The opening 30 minutes of "Interstellar" are confusing the first time through (and perhaps even after a repeat viewing). During that first act, you might be left wondering what this whole ghost story has to do with space travel and saving the human race. Well, as it turns out, everything. By the end of the movie, you will learn that Cooper is the ghost — or gravitational anomaly — trying to communicate with Murph through time while he is in the black hole tesseract, which allows him to perceive the five dimensions (don't worry, there will be more on that later, as the tesseract itself is a confusing aspect of the film).

When Coop is inside the tesseract, he realizes he can communicate with young Murph (Mackenzie Foy) via the bookshelf. We see the mirror image of an earlier scene where the "ghost" spells out the word "stay" through Morse code, and we learn that it is actually Cooper trying to convince himself not to leave Murph behind. At this point in the story, Cooper regrets ever leaving and tries to change the past, although it cannot be done. Coop can travel through the dimension of time, though, and he uses the bookshelf to communicate the solution to Professor Brand's formula when she visits the house in the present timeline.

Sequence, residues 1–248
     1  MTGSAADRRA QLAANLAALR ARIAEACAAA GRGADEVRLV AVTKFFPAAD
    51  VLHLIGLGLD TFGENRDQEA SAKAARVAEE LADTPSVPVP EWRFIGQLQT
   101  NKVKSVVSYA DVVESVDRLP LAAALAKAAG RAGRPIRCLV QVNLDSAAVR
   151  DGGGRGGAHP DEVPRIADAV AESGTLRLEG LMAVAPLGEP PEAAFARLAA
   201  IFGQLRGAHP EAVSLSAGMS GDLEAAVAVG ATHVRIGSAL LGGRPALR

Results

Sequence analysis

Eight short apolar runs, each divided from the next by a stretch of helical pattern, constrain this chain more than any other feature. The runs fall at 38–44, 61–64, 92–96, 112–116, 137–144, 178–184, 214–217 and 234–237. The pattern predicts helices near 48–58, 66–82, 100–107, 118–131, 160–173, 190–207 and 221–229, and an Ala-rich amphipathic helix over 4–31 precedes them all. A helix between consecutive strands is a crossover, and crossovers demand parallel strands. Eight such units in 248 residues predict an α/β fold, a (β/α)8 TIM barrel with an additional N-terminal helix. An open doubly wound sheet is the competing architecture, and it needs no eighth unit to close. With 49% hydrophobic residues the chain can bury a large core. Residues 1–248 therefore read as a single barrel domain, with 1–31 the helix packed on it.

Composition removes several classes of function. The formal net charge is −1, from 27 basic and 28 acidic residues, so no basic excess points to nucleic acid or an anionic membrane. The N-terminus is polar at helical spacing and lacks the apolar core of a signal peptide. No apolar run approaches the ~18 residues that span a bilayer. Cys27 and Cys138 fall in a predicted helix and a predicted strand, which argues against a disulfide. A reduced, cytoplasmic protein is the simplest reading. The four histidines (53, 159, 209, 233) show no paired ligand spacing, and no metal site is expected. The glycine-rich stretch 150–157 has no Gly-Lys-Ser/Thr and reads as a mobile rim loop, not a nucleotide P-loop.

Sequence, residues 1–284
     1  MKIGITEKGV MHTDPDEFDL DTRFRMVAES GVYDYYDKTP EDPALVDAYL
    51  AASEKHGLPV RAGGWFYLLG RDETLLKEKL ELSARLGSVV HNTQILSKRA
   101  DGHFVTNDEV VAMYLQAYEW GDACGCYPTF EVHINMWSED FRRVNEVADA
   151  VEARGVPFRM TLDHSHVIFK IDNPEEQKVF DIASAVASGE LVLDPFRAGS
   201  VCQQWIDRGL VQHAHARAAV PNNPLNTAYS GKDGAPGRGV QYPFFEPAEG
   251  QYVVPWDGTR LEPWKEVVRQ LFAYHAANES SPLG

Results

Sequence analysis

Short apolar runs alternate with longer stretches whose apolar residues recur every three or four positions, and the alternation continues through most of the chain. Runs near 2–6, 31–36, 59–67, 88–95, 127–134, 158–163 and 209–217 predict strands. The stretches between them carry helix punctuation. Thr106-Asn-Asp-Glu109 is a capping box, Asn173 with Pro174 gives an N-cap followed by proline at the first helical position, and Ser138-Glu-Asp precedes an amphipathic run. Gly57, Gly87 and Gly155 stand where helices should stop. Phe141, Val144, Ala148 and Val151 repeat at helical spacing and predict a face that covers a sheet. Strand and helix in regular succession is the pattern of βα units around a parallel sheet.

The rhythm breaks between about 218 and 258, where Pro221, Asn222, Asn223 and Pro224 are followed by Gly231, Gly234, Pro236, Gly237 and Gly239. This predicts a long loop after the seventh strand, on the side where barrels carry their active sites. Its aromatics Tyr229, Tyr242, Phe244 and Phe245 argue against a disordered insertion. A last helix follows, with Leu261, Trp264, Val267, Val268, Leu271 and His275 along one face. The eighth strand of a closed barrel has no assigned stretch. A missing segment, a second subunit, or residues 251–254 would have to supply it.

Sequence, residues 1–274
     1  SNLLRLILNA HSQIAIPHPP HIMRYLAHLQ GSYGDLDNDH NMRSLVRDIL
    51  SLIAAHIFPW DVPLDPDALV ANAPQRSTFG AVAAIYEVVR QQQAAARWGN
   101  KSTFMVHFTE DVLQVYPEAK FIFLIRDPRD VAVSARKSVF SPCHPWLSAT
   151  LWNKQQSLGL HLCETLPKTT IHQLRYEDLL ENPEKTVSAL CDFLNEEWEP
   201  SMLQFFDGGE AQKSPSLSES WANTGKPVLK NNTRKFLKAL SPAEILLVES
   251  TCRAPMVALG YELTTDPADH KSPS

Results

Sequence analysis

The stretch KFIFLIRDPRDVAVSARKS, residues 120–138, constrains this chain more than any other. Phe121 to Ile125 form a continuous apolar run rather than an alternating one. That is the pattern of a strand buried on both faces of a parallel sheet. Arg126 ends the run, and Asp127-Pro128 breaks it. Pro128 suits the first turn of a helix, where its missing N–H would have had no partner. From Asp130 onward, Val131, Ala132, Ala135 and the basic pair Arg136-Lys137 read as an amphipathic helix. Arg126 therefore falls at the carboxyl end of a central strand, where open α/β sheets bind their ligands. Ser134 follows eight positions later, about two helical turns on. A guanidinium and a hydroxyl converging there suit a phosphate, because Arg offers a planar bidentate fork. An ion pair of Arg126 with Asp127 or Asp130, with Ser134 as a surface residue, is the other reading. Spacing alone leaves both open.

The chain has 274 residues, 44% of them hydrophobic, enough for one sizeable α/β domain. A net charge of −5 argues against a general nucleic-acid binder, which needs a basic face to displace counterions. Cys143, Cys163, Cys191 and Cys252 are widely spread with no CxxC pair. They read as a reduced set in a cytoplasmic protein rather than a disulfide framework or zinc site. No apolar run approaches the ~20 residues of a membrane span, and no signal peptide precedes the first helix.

Why is the watch Coop leaves for Murph so important?

Perhaps the single most confusing moment of "Interstellar" is the significance of the watch that Cooper gives to Murph when she is a child. In a moment of anger, she breaks it, but it stays in the house for years. When Cooper goes into Gargantua, the black hole, he winds up in the tesseract. Here, he sends Murph a coded message that solves the gravity equation. He does this by using gravity — which is a force that transcends time, according to the film — to move the hands of the watch and communicate with Murph in Morse code. By manipulating gravity, he can cause the broken watch to tick in code and transmit the information to save humanity. 

There are many theories as to how exactly this works because the film never explains it cleanly. Since time isn't passing for Coop, he can potentially spend as much time as he needs — perhaps even years — transmitting what he needs Murph to know. Considering all of the time she loses while he's away, though, perhaps the watch as a medium is really just symbolic of his urgency to finish the mission and reunite with his daughter.